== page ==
Sunday, September 29, 2013

Earlier this week the World Bank released the 2012 World Development Report on Gender Equality and Development. The report noted relatively high numbers of women participating in Finnish politics, and credited the Council for Equality between Men and Women in Finland with progress.

Finland bucks the global trend; the report notes globally “the number of women holding parliamentary seats is very low, and progress in the last 15 years has been slow.” Female representation in national parliaments has risen from 10% in 1995 to 17% in 2009. By contrast, Finnish female parliamentarians accounted for 38.5% of new members in 1991, rising to 42.5% in 2011. Finland was one of just nine nations whose total female cabinet members stood at more than 40% in 2008. Globally, females accounted for 17% of ministers, representing a rise from just 8% in 1998.

Although not specifically mentioned by the report, since the millennium the positions of President and Prime Minister have both been held by women; Tarja Halonen became the nation’s first female President in 2000 and in 2010 Mari Kiviniemi was selected to be the second female Prime Minister. Women gained suffrage in 1906 with little opposition, ahead of the US and UK.

The cross-party Council for Equality between Men and Women in Finland dates back to the 1970s; the World Bank dismisses its role at that time as “primarily symbolic” with little in the way of staff, funding, or influence. In the 1980s it was handed statutory power for gender equality issues and has gone on to press for reforms in areas including sex work, job training, and quotas on political representation. The report calls the council a “success”.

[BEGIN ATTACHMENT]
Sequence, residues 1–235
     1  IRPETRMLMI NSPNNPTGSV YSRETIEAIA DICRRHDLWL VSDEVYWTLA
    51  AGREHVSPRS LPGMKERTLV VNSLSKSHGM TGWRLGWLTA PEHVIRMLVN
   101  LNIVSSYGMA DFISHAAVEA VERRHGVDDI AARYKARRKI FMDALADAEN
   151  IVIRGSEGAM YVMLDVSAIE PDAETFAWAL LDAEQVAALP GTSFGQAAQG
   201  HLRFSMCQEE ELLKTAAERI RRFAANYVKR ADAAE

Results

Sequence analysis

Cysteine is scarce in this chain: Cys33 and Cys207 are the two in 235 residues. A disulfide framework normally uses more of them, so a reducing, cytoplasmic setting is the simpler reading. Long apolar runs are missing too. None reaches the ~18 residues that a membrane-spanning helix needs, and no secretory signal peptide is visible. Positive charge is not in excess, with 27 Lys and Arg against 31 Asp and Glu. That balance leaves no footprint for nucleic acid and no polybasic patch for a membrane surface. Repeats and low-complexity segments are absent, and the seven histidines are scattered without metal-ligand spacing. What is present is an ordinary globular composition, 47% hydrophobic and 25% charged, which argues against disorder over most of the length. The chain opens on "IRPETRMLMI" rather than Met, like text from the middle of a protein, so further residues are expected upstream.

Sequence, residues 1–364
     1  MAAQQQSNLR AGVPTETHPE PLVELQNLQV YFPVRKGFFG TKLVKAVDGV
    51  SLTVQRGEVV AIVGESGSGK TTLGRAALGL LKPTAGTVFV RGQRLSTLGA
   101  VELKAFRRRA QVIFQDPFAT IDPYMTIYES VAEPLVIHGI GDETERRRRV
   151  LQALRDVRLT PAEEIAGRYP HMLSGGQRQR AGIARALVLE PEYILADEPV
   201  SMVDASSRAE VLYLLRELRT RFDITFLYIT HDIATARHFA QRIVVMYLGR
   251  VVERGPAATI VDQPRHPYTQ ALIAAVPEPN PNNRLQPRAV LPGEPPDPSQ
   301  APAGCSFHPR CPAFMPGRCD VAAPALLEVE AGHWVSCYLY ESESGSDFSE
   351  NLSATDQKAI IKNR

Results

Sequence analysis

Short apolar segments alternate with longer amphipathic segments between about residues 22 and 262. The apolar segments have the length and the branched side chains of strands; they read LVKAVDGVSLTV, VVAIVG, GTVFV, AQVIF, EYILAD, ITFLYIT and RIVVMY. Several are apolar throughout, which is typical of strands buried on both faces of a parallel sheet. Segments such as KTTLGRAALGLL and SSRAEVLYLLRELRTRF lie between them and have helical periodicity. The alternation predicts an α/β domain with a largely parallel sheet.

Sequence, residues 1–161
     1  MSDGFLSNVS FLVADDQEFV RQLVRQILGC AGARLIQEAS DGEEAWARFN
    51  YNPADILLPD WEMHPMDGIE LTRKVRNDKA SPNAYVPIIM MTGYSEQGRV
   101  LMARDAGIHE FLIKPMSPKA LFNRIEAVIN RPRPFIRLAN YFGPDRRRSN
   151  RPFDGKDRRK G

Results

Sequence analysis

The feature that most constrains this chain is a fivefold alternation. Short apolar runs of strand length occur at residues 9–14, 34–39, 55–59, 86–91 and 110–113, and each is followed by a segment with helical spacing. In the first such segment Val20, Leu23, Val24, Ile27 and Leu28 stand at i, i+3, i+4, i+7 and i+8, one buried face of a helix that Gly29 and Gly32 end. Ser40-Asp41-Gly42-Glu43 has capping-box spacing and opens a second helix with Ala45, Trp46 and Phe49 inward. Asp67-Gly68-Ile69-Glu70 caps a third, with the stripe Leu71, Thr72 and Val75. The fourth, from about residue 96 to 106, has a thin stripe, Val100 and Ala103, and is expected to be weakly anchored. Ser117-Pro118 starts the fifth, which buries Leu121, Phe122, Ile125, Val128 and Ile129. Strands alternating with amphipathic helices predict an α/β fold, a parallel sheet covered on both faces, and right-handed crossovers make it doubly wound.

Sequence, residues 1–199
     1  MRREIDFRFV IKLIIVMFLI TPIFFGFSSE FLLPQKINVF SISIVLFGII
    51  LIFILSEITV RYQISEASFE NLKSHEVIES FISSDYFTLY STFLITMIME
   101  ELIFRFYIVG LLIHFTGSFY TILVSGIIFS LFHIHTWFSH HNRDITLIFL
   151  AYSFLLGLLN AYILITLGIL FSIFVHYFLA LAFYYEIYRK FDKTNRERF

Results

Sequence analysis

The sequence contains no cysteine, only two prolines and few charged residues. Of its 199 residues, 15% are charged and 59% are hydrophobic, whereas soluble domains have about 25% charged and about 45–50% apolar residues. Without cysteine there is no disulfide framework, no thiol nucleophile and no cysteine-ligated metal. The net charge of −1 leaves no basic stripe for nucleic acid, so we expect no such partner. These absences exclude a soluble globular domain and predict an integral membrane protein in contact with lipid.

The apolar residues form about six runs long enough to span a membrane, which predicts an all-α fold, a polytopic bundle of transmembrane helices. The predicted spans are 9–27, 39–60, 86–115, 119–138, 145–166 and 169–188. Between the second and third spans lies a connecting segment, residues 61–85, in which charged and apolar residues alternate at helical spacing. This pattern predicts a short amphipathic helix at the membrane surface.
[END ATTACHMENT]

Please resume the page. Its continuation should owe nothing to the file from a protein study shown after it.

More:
Education, however, showed gender segregation by subject at the tertiary level; Finland was one of several countries singled out as examples of high gender segregation in economically developed countries, compared to lower levels of segregation in less well-developed nations. Finland is one of the four members of the Organisation for Economic Co-operation and Development with the highest segregation by subject alongside Croatia, Japan, and Lithuania.

Finland has very high levels of education enrollment for both boys and girls, at almost 100% at primary level. Females are ahead of men in tertiary education enrollment, with 46% of men in the relevant age group enrolling in 1991 and 52% of women. By 2009 these numbers stood at 82% and 101% respectively.

Boys and girls were neck and neck with high scores in their 2009 Programme for International Student Assessment maths tests, both averaging around 540. Literacy also produced very high scores but with a gender gap; boys averaged around 510 while girls averaged around 560.

Internet access in Finland is high with men slightly ahead; for men and women alike access stands at around 85%. Finns have a legal right to a 1Mbps broadband connection and authorities plan to have 100Mbps connections for every citizen by 2015. The proportion of women teleworking at least 25% of the time has risen from around 7% in 2000–1 to 9% in 2005; the male figure was at 9% in 2005 and is now 15–20%. Rapid teleworking growth is a global trend but the report notes the female figures generally grew faster.

Marketplace activities also show gender disparity in Finland. Of activities performed by men and women, the female share stands at 41%, versus 63% for domestic activities such as housework. From 2006–9 services accounted for 87% of female and 56% of male employment. 10% of women and 37% of men were employed in industry and agriculture was only a minor employer, with 6% of male employment and 3% of female employment.

Life expectancy for Finnish men has risen from 71 years in 1990 to 77 years in 2009; in the same period, women’s life expectancy increased from 79 years to 83 years. The population stands at 5 million, representing a 0.4% annual growth rate from 2000 to 2010.